Wouldn’t it be great if more bouncers were like Patrick Swayze in the ’80s camp classic “Road House”? I’m not talking about the girlish coif or penchant for tight jeans.
I’m referring to his professionalism. His tough but diplomatic method.
Swayze’s character, James Dalton, doesn’t necessarily want to beat unruly patrons senseless — after all, he practices yoga and has a Ph.D. in philosophy. Dalton is an evolved being. But if you take a swing at him with a pool cue, well, enjoy your new double-jointed elbow.
I embarked on this train of thought last week after interviewing Michael “Mikey Numbers” Borane, general manager of the just-opened Black Card Ultralounge in Scottsdale. Hyping the club, Borane promised that he would employ the most gracious, courteous door men in town.
“The (door man) situation in Scottsdale is in a pretty sorry state,” Borane lamented. “Our guys will actually be nice to you.”
Though I’m tempted to dismiss it as campaigning, Borane’s low opinion of his competitors’ bouncers isn’t unjustified. There are some real knobs out there.
First, let me acknowledge that working the door at a bar or club can be an infuriating proposition. You’re literally besieged by obnoxious drunks. You’ve got ornery metrosexuals fighting each other on your left, snotty college girls trying to pass fake IDs to your right. Being friendly? Not always a priority.
To be effective, you also have to be confrontation-oriented, and sometimes it’s hard for confrontation-oriented men to use appropriate force while showing surly drunks the door.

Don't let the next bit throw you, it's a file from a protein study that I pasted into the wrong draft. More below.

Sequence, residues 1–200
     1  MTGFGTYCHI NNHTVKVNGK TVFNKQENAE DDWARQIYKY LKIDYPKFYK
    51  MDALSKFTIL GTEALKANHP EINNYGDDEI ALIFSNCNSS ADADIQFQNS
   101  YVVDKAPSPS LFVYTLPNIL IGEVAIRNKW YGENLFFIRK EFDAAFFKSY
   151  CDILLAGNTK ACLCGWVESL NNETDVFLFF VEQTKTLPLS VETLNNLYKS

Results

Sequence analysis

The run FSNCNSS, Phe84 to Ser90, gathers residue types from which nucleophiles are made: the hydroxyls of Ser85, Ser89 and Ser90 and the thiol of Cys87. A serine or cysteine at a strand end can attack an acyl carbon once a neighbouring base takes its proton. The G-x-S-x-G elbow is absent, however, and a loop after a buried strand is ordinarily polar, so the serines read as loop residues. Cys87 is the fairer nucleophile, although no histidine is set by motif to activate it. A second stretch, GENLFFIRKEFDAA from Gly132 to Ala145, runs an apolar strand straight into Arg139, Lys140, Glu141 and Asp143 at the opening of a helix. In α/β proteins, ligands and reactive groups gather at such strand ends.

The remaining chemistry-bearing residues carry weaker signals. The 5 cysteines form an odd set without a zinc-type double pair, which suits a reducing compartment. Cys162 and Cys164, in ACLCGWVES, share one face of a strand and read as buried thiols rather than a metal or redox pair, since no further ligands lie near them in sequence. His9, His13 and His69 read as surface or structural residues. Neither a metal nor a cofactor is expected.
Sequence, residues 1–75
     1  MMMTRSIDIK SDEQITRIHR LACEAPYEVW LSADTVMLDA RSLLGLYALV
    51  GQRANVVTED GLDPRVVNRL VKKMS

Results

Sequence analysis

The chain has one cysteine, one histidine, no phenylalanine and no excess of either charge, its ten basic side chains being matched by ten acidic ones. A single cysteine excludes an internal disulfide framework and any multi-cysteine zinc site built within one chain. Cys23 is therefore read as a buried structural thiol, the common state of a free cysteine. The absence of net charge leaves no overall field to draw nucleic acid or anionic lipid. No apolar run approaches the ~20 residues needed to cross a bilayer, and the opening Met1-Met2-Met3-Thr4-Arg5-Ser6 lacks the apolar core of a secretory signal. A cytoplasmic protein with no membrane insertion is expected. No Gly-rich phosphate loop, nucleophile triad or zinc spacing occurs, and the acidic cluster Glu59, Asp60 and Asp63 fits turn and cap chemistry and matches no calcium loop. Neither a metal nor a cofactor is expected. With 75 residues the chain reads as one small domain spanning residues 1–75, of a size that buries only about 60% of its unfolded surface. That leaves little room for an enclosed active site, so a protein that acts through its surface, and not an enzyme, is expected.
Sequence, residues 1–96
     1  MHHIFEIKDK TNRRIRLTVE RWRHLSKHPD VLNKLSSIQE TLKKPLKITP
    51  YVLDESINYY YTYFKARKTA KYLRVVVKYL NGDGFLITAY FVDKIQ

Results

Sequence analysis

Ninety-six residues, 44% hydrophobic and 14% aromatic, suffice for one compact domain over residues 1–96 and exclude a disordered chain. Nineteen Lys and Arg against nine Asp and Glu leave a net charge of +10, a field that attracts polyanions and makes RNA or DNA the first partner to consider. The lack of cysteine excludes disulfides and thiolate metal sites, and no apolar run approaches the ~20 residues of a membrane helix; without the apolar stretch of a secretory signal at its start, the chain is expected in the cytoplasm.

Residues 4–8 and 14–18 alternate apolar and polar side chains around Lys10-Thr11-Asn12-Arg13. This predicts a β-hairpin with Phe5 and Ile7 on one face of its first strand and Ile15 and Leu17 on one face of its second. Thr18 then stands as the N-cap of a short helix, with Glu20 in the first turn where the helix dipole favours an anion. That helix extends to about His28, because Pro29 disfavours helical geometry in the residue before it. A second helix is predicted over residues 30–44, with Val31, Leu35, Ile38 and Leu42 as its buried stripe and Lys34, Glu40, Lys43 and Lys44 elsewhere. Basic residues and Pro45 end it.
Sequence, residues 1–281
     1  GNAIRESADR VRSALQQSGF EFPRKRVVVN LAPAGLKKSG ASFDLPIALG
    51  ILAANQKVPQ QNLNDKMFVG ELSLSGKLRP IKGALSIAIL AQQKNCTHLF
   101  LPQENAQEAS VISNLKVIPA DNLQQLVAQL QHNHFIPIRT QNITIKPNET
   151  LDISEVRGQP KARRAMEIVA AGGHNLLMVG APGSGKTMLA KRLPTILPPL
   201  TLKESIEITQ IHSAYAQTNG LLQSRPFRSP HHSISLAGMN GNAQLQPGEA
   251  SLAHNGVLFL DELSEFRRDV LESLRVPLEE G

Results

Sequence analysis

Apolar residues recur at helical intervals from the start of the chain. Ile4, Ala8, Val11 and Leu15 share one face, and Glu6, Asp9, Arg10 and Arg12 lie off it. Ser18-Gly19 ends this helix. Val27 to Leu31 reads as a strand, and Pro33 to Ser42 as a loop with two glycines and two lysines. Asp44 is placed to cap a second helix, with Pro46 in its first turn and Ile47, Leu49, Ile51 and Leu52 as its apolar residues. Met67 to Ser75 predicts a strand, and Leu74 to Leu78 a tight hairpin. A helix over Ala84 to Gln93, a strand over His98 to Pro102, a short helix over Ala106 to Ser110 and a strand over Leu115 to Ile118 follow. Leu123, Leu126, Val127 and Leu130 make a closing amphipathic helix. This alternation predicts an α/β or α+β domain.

A pair of unfortunate lads learned this lesson at Dos Gringos in Old Town last March, when one of them — a self-professed professional fighter who allegedly made threatening remarks to members of the Dos Gringos staff — popped off to a bouncer named Matthew Capane and was knocked out cold for his trouble. Someone filmed the incident, and the clip became a major mover on YouTube.
Was it an isolated incident? Hard to say. I had a personal experience at Dos Gringos a few years ago that illustrates the, um, collaborative nature of bouncer/patron violence. It was right around closing time, and a bouncer walked up to me and rudely demanded my unfinished vodka and tonic. Thing is, I had arrived late and bought the drink not five minutes earlier. Sell me a drink and not give me a chance to drink it?
That’s whack. So I essentially ignored the guy and continued drinking. And he ripped it away from my face.
So I called him a name and gave him a nasty look and — get this — he threw my repossessed drink over his shoulder. In my direction! It actually landed on another bouncer, so everybody had a nice laugh.
Now, I wasn’t being a model customer, admittedly. I was young, and probably romantically frustrated. But the bouncer was arrogant and openly hostile. You be the judge.
I’ve also had positive door man experiences. I’ll never forget the time when a buddy of mine got a little too grabby on his birthday at Jackrabbit Supper Club and Lounge.
Sure, they bounced him, but with the utmost tenderness. They actually led him out by his elbow, like he was recovering from an appendectomy or something. It was beautiful piece of bouncing.
After the YouTube incident last March, Dos Gringos owner Brian Roehrich put his door staff through a “verbal judo course” designed to help them nonviolently defuse tense situations. And he applauds the idea of gentle door folk. But he also maintains that bars and nightclubs can only do so much to nonviolently subdue serious troublemakers.
“Once (a bouncer) hits somebody, you’re in the wrong,” he says. “But what do you do with the jackass customer who WANTS to fight? And then plasters the end result all over YouTube?”
Hmm. Call Patrick Swayze, maybe?